A graphic for World Wildlife Fund's "Your Plastic Diet" campaign compares the 5 grams of microplastics consumed by humans each week to a credit card.
A new study sponsored by the environmental group WWF says that people could be ingesting a credit card sized amount of microplastics every week.
The study, which says it is the first to analyse global research looking at microplastics ingestion, reported that the largest source of the plastics is drinking water, both bottled and tap. It accounted for 88% of the microplastics sources identified.
Other identified sources in the study from the World Wildlife Fund for Nature included shellfish, because they are often eaten whole, along with beer and salt.
Both WWF and the study authors at the University of Newcastle in Australia said that more research is needed to understand potential health effects from the ingestion and to understand the distribution of microplastics in the environment.
They noted, for example, ongoing work to create a 3D map of ocean plastic litter by 2022, allowing for better estimates of plastic ingestion based on type of polymer and particle size.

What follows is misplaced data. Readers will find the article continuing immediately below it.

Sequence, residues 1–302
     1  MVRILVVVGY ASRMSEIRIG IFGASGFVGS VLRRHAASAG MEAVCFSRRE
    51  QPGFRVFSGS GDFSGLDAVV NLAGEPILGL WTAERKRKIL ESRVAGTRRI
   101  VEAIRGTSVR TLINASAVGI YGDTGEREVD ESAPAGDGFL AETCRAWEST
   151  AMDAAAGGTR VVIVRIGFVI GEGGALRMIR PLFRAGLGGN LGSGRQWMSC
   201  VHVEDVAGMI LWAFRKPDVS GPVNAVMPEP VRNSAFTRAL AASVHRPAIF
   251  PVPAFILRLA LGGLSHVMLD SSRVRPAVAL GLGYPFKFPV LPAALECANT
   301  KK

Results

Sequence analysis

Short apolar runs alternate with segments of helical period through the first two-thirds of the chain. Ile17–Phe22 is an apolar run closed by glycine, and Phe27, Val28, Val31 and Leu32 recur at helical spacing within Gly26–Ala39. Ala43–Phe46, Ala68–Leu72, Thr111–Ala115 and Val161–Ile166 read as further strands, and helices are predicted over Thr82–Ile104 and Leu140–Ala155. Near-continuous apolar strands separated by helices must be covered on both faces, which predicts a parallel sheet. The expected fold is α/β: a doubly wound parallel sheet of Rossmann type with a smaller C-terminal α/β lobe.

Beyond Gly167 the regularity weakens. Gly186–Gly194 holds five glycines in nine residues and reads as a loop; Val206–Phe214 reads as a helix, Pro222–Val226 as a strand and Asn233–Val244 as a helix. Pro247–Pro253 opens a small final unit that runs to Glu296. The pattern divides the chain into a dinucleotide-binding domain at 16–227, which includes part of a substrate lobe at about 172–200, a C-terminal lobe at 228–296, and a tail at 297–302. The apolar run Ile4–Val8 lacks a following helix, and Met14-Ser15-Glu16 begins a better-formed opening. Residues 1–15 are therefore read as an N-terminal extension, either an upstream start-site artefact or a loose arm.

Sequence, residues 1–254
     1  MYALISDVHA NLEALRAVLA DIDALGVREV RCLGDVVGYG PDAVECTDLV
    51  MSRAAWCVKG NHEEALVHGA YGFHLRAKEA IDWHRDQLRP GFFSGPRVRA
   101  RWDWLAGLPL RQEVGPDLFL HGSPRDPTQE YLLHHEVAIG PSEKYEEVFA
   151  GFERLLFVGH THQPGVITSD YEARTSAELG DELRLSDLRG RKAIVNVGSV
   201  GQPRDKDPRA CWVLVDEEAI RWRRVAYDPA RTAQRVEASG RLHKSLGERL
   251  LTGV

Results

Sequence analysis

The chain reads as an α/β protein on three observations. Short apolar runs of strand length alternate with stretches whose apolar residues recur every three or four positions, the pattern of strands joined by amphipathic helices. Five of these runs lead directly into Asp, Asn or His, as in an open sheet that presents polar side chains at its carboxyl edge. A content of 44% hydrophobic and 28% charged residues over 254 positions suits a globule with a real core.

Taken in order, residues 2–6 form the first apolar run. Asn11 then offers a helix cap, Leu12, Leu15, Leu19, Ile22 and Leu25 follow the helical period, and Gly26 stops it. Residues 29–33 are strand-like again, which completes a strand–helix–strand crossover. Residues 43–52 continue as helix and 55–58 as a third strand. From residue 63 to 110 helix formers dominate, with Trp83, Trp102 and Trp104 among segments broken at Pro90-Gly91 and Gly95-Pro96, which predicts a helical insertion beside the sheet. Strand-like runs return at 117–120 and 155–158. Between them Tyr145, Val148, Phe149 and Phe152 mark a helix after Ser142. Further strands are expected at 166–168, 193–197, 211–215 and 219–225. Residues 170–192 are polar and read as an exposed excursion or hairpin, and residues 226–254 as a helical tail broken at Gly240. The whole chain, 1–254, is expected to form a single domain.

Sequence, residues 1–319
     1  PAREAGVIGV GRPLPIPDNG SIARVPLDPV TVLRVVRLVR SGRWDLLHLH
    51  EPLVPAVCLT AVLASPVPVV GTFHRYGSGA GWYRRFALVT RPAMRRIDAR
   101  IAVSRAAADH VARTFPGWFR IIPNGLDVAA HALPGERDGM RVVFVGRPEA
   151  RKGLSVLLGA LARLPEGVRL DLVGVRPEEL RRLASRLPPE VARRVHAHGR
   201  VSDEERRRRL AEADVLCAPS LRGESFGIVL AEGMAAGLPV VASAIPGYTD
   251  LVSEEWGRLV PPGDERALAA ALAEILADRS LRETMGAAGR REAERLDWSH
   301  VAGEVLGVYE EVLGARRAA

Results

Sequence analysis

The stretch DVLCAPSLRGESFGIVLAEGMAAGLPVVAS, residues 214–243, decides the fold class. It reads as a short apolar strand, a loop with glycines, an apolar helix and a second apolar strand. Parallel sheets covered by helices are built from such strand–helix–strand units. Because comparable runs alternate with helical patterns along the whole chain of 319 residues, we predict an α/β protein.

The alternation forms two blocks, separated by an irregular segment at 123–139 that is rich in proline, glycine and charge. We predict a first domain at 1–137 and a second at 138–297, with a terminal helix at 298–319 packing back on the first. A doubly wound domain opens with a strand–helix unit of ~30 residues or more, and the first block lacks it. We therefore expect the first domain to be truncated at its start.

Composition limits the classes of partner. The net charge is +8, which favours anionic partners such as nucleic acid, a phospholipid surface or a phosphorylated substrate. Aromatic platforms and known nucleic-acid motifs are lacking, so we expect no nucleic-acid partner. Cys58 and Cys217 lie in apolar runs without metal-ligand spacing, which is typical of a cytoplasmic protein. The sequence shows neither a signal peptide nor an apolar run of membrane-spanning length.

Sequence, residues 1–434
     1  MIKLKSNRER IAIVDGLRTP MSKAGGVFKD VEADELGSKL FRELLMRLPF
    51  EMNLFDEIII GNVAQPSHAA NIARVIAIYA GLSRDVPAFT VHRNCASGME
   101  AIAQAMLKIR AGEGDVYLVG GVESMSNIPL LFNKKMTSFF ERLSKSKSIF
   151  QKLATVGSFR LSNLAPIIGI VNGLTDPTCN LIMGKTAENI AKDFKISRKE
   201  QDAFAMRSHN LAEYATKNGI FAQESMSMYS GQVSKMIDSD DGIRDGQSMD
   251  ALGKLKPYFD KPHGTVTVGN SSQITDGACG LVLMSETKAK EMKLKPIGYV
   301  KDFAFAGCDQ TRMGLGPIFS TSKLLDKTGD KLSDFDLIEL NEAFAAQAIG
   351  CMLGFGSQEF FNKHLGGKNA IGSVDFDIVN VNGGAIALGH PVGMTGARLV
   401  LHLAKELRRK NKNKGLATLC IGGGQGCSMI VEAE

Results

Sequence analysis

The study reported that worldwide, people eat about 5 grammes of plastic per week, the equivalent of a credit card, which adds up to about 250 grammes a year.
It said the highest levels were found in the United States, India and Lebanon, about twice the amount reported in studies in Europe, Indonesia, Uganda and Ecuador.
"These findings must serve as a wake-up call to governments," said Marco Lambertini, director general of Gland, Switzerland-based WWF International. "Not only are plastics polluting our oceans and waterways and killing marine life — it's in all of us and we can't escape consuming plastics."
WWF called for a global treaty on plastics, with national targets on reducing plastic pollution, and said government responses thus far have been inadequate.